I did it. I finally got my hair cut in France.
To explain how serious this situation was, let me explain. It had been a full 2 years since I’d had a real haircut (before I moved to France).
Now, I’m already pretty bad at scheduling haircuts at home, in English. I wait ages until we’re way past acceptable length to actually make the call because it can just be such a hassle. It took me years to find a salon in Boston that I liked and would regularly schedule appointments with because my requirements are, apparently, complex. They are as follows: 1) good with curly hair, 2) open late enough on weekdays to go after work, 3) online appointment booking.
Online appointment scheduling should be standard for every salon. There. I said it.
It just makes sense! Who has the time to call, and then when they inevitably offer you a day or time that fits none of the original availability you’ve given them, you have to go back and forth wasting everyone’s time. Why not just provide a calendar that we can all check at our leisure and click on the timeslot that matches up with our own schedules? But I digress…
Since this is Paris, I knew there was no way I would find online booking in a salon here. The bigger hurdle was getting up the courage to actually go for the cut with a language barrier of unknown proportions. (What’s the lingo for layers and low-maintenance, no I don’t own a blow dryer that works here, and no I don’t style it, well, ever, in French?) It’s hard enough to explain to a stylist exactly what you want in your own language. Doing it in French is a real risk.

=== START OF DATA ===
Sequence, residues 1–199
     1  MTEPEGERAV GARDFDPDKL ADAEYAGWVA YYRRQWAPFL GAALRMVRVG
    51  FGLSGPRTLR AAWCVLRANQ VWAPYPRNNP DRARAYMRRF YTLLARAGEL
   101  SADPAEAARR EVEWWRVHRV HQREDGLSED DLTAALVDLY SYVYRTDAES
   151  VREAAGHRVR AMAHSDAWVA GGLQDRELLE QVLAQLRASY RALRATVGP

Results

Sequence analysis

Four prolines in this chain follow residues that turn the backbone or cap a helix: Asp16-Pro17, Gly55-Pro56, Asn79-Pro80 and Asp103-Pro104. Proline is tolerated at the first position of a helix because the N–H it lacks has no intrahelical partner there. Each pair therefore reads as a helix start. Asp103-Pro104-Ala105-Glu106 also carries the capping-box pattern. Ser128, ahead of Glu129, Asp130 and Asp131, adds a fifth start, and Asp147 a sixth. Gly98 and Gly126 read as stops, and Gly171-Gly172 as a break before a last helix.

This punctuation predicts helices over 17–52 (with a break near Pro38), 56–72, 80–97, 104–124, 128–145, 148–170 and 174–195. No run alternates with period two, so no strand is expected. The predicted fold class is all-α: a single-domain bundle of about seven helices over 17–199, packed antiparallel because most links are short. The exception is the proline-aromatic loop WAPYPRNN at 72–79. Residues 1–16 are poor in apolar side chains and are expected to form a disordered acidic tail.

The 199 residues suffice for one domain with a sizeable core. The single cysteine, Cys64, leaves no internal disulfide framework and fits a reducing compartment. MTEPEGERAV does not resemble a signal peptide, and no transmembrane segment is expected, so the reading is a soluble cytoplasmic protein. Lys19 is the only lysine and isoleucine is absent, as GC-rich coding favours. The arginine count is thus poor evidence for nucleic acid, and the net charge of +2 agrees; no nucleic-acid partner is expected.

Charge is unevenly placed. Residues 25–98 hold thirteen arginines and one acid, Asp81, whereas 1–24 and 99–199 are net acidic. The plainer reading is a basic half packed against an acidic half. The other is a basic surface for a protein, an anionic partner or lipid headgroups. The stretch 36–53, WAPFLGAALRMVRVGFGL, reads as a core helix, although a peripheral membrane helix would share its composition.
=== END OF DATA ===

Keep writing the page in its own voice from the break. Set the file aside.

I needed a salon that was well-reputed for speaking English, and had someone who was confident with curly hair. Not that mine is the curliest in the world, but it makes a big difference to have a stylist that understands how to work with hair that doesn’t go in the direction you expect it to. Bonus points for not insanely overpriced.
My research began about a year earlier. Not kidding. It took me a full year to actually bite the bullet and book an appointment.
I googled for English-speaking stylists, read blogs about other expat tales of woe and wonder with their salon experiences, and followed Facebook threads of people in the same boat as me trying to find new salon. I finally found one that, GASP offered online appointment requests and then…. it didn’t work. **months passed**
Finally, I got so fed up with my hair – which, by this point was both the longest and the most split-ended it’s ever been – and made a phone call. In French. I called and took the first open appointment they offered. Sold.
It went… fine. I made my way to the Marais and showed up at the salon address and waited for someone to appear to greet me. Eventually someone stopped blow drying long enough to ask what I wanted and when I said I had an appointment they said, “oh, try at the other salon.” The other salon? So I followed their instructions to go around the corner and walked until I found an empty-looking, unmarked storefront with salon chairs inside. That was the place.
Despite getting off to an odd start, the stylist was nice and understanding of my questionable French hair vocabulary. She spoke English, but no better than my French so we just fumbled through. In the end, it wasn’t the best cut I’ve ever received but it was good enough and I didn’t miscommunicate catastrophically. Ultimately, I walked away with a haircut, so I’ll consider it a success.
When we finished, I had a brief internal panic where I realized I had absolutely no idea what the tip protocol is in France for hair stylists, if any at all. My American instincts say tip, but my French experience says no… (turns out it’s yes, tip for a haircut, but not as much as in the US). Lesson learned.
Now, here we are a full year+ later. I have not had another haircut since.
Not for lack of trying, though! In the last 2 weeks I’ve attempted to schedule appointments to no avail. Because it’s August, and August in France means everything’s closed and everyone’s on vacation. Here’s hoping I’ll get a trim come September…